I am referring here especially to his wonderful operas: L’elisir d’amore, Don Pasquale and Maria Stuarda .
In Donizetti’s newly rediscovered opera Alahor in Granata retrieved to us from his early works, we encounter a context full of drama and life, in spite of Alahor’s unconvincing transformation from a character consumed with crime and revenge to one taken by feelings of brotherhood and love.
The real drama may not lay in the events but in the dramatic construction of the melody clearly manifested in the operatic duets, trios and choruses and even soliloquy.
When the Sultan sings in moments of peace, he is releasing his hope amid an ocean of crushing events:
‘ O yes! Granada leave behind
For peace has spread its beautiful wings above you
You will no longer see after today
Banners of the enemy fluttering afar
Nor will their hordes tread your land
No, nor shall we know fear again by the harshest of Spaniards!’
The highlight of the opera remains the dramatic duet of Alahor and Zobeida, as well as Zobeida and the Sultan love duet.
The Spanish performers did justice in their delivering of the emotional intensity their roles required. The Opera was performed at the Teatro de la Maestranza in Seville in 1998 which was finally recorded on a CD by Al-Maviva.
The roles: Alahor: Simone Alaimo – Bass-Baritone. Zobeida: Patrizia Pace –Soprano. The Composer opted for a feminine vocal for the role of the Sultan which was performed by Vivica Genaux (Mizzo-Soprano). Musical Director: Josep Pons.
Translated: Lily Al-TaibLily Al-Tai: trained painter, translator & interpreter. Wife of the late poet Fawzi Karim.
 Before its 1998 Seville reprisal reviewed in this article by Fawzi Karim, the last time the opera was performed was in Palermo in 1830; the score and libretto disappeared for 150 years after that last 19th century performance, with a revised copy of the score being discovered in Boston in 1970, in the attic of the Boston Symphony Hall, and an autographed copy of the score found a few years later in Palermo.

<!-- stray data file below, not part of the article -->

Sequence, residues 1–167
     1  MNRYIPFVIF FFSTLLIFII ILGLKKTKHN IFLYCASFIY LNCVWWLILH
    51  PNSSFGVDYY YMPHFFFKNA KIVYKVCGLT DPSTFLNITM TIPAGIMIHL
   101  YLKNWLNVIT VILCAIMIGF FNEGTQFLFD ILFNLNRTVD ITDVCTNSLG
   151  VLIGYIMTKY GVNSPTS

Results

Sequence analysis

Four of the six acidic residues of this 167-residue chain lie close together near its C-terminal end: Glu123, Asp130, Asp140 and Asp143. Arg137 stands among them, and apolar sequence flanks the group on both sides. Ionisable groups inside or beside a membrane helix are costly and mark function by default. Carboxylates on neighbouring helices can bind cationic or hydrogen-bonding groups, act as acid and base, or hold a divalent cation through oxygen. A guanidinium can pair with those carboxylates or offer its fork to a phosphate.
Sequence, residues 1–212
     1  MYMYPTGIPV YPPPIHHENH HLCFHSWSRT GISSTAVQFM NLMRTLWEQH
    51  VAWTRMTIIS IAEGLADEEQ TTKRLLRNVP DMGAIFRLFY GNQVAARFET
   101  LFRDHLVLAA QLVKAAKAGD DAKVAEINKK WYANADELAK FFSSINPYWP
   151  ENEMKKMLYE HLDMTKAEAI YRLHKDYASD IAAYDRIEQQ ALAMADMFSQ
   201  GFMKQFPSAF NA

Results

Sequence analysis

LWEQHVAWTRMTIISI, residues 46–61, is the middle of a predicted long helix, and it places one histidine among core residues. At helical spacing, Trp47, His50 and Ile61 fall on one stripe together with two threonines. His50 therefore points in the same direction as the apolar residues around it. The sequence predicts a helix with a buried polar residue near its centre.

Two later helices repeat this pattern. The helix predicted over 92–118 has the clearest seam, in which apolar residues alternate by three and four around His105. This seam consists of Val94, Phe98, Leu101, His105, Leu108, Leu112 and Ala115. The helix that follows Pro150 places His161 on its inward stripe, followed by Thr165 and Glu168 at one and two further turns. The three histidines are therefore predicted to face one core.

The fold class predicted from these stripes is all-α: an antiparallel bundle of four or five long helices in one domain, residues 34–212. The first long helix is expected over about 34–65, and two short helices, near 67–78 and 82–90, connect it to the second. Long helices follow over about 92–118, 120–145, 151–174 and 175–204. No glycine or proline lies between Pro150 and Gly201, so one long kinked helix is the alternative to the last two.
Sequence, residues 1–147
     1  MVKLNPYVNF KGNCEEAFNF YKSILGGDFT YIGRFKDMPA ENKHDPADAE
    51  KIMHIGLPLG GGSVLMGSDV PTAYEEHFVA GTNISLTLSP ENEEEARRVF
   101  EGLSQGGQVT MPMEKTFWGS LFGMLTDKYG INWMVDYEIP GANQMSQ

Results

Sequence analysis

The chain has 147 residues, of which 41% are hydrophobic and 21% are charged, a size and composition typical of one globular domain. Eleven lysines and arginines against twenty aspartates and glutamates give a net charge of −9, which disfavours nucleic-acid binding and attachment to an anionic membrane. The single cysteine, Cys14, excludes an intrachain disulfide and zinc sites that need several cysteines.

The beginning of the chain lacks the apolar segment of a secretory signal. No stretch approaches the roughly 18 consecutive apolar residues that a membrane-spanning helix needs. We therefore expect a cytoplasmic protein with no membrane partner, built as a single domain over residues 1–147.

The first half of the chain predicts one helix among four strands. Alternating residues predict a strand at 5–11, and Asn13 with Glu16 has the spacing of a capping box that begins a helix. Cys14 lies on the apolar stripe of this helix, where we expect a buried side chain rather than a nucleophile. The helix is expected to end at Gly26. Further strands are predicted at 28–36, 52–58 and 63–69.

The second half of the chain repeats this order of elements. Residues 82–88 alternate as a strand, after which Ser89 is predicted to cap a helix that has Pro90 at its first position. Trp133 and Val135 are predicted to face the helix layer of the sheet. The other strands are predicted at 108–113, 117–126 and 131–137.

Fawzi Karim (Baghdad 1946 – London 2019) was an Iraqi poet, writer and painter. He was educated at Baghdad University and worked after his graduation as a teacher for 9 months before embarking on a career as a freelance writer. He left Baghdad after the second coup by the Baath party and lived in Lebanon from 1969 till 1972. He lived in London since 1978. He devoted his life to four fields: poetry, Literary criticism, painting and classical music. He wrote in Arabic, his mother tongue, and very rarely in English. He translated his poems into English, and the English poet Anthony Howell reformulated them in consultation with the author. He devoted much of his time to classical music, listening and reading, and he regarded it as the highest form of Art. It was the source of inspiration for his poems and his life.
He wrote many books on music (In Arabic): Music and philosophy, Music and mysticism (Forthcoming); Music and Poetry (2014); Music and painting (2014); Gods the Companion, a Musical life (2010); Musical virtues (2002);
He wrote a monthly article on ‘Classical Music and the art of Listening’, published in ‘Al sharija’ magazine.
He published more than twenty-three books of poetry, including: What poetry is, but a Slip of The Tongue (2018); The Empty Quarter (2014); Night of Abel Alaa (2008); The Last Gypsies (2005); The Foundling Years (2003); Poems, Two volumes (2000); We do not inherit the Earth (1988);The Stumbling of the bird (1983);
He is also the author of sixteen books of prose, including: Who is Afraid of The Copper City, a novel (2018); The Thinking Heart, The Poetry Sings, But Thinks Too (2017); Poet of Maze and Poet of Banner, The Poetry and the Root of Hatred (2017); The Pastures of Cactus, short stories (2015); Gods the Companion, on music (2009); The deterioration of the 60s (2006); Diary of the End of a Nightmare (2005); Return to Gardenia (2004); The Emperor’s Clothes: On Poetry (2000)
His poetry is translated to many languages, including French: Non, l’exil ne m’embarrasse pas (Lanskine 2010); Continent de douleurs, (Edition Empreintes, (2002) Swedish: Epidemiernas Kontinent (2005); Italian:I Continenti Del Male (Collana Porta Maggiore, I Poeti 2014) English: Incomprehensible Lesson (Carcanet 2019); The Empty Quarter (Grey Suit Edition 2013); The Plague Lands and Other poems (Carcanet, 2011)